Tuesday, 29 January 2013

Getting a good deal from the Green Deal

The Green Deal is the government's new scheme to encourage insulation and other energy efficiency measures in the UK housing stock (commercial properties to follow soon). The scheme is complex and has been a long time coming; at least the details are finalised and the scheme lauched but it has been heavily criticised for being too expensive for most people to use - for example by Fiona Harvey in the Guardian. However, that is not quite true, when you consider the grants available through the Energy Company Obligation, some of which are available to anyone living in an eligible property with no means testing involved.


There are two main parts to the Green Deal:
  • The Green Deal assessment gets you an EPC (Energy Performance Certificate) for your house plus a recommendation of measures you can take which will be cost effective for you, taking into account your personal circumstances and lifestyle (for example how much time you spend at home, what temperature you set the thermostat and so on).
  • Green Deal financing is a way of paying for these measures through a loan which you pay through your electricity bill.
There is a golden rule which is that to get green deal financing the expected savings on the measures you take must be greater than the cost of your loan. The problem with this is that, leaving aside cavity wall insulation and loft insulation, most improvements are expensive. For example if you have solid walls insulating them externally, which is usually preferred, is likely to cost around £10,000 and save you £500/year (from the Energy Saving Trust advice page). Ignoring inflation that is a 5% payback per year. The cost of a Green Deal loan however will be at least 7% (see here for Green Deal Finance Company interest rates). Unless your savings are much higher than the EST estimate, there is no way that you can meet the golden rule and get a Green Deal loan for this. Even with the early bird cashback scheme which gives you £650 for solid wall insulation the loan will be too expensive.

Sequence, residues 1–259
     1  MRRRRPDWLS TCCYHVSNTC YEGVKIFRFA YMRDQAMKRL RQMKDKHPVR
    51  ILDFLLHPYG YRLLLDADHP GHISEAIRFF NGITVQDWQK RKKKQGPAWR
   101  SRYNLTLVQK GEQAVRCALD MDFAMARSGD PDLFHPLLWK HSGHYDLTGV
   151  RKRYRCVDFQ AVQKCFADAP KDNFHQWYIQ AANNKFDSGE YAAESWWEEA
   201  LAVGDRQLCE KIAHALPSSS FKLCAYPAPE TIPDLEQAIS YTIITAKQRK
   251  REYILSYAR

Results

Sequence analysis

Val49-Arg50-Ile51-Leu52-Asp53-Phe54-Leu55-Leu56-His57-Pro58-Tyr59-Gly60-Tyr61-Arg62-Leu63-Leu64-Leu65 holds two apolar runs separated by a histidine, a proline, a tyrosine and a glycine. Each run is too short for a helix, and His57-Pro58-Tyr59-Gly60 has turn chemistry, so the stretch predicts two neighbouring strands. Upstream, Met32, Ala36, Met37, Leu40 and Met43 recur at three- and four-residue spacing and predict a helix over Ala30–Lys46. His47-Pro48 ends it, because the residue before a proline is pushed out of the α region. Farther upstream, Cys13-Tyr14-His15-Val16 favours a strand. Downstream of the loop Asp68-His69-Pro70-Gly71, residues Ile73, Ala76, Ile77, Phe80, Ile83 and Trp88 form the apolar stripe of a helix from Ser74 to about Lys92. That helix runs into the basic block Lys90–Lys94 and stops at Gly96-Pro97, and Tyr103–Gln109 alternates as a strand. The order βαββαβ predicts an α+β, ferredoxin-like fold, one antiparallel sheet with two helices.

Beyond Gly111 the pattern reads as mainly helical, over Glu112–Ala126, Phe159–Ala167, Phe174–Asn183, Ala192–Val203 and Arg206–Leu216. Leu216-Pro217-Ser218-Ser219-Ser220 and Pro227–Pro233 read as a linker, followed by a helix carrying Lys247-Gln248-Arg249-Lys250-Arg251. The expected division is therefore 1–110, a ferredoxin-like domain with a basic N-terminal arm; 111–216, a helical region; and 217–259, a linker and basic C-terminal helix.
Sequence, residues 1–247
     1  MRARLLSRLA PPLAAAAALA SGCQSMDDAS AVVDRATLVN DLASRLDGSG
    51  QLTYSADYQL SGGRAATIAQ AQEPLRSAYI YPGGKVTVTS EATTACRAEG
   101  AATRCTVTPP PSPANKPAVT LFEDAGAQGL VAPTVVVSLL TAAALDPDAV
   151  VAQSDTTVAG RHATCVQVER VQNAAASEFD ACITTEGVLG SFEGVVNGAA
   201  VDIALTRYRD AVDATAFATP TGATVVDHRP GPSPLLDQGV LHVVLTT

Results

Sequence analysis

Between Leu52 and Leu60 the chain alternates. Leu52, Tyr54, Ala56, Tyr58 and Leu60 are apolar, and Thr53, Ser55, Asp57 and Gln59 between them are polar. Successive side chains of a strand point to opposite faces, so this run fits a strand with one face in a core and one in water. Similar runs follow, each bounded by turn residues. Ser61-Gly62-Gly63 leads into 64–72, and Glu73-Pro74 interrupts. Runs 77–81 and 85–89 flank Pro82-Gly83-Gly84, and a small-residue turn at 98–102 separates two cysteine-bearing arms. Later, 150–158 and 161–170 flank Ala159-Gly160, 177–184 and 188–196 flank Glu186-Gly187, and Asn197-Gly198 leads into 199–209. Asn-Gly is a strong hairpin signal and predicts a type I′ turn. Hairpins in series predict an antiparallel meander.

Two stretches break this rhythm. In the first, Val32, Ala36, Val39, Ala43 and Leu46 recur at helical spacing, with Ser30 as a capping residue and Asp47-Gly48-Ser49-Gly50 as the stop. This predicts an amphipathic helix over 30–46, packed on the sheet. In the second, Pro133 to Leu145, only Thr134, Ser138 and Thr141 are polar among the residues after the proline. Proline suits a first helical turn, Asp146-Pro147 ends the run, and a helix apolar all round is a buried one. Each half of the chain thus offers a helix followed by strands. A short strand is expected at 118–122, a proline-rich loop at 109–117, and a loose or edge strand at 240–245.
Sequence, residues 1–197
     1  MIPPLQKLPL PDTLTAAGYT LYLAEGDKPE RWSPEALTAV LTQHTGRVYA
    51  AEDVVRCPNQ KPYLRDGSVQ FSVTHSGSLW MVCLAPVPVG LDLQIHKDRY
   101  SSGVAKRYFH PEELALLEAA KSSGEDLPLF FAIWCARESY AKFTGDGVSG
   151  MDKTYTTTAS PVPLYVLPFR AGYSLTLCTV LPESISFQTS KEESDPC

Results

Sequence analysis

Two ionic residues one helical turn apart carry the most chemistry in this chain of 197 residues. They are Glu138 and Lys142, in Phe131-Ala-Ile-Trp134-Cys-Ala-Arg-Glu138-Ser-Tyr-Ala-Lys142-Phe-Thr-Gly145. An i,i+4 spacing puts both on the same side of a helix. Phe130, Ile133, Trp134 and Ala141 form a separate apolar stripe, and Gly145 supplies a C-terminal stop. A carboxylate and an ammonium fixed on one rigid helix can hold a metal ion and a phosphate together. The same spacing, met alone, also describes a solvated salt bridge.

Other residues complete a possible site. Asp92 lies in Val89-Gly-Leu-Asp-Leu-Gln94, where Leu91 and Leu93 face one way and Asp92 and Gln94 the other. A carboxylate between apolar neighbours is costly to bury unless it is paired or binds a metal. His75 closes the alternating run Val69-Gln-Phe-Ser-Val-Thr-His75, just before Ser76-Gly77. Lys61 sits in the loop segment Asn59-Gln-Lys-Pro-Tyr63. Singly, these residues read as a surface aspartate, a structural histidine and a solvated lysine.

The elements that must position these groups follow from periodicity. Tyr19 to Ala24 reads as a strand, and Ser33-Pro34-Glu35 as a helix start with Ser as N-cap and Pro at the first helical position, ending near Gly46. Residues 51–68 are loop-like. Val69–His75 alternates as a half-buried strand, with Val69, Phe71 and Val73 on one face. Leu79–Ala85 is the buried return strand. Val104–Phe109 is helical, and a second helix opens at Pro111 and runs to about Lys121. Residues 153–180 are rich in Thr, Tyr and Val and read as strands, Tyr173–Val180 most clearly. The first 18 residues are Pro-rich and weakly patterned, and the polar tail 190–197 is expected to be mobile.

There are two ways around this - firstly you may be able to get a cheaper loan elsewhere. The Green Deal loan is effectively an unsecured loan and you would do better getting a mortgage or possibly another personal loan. Better still, if your home has solid walls you can almost certainly qualify for a grant through the Energy Companies Obligation (ECO). This has replaced various older schemes such as CERT and requires the big energy companies to save carbon emissions by helping householders save energy. Some of this is targeted at people on benefits but not all; in particular, houses with solid walls, or hard to treat narrow cavity walls, will qualify. If the ECO grant covers half the cost, your 5% payback per year becomes 10% and will qualify for the golden rule so you could get a Green Deal loan for the rest - or another cheaper loan if you can.

I don't want to recommend any particular installers but a quick search for 'eco grant external wall insulation' found quite a few, some offering free insulation, some more cagey about the size of the grant.

Even ignoring the loan system, the Green Deal is a big step forward for helping people improve their houses. The training for Green deal assessors is more rigorous than for the old EPCs and the installers have to show competence and quality control to get PAS 2030 certification. This accreditation requires annual checks. I am sure there will still be cowboys but they will need to be more sneaky and make a lot more effort to get through. There will also be some companies charging more than others so do shop around.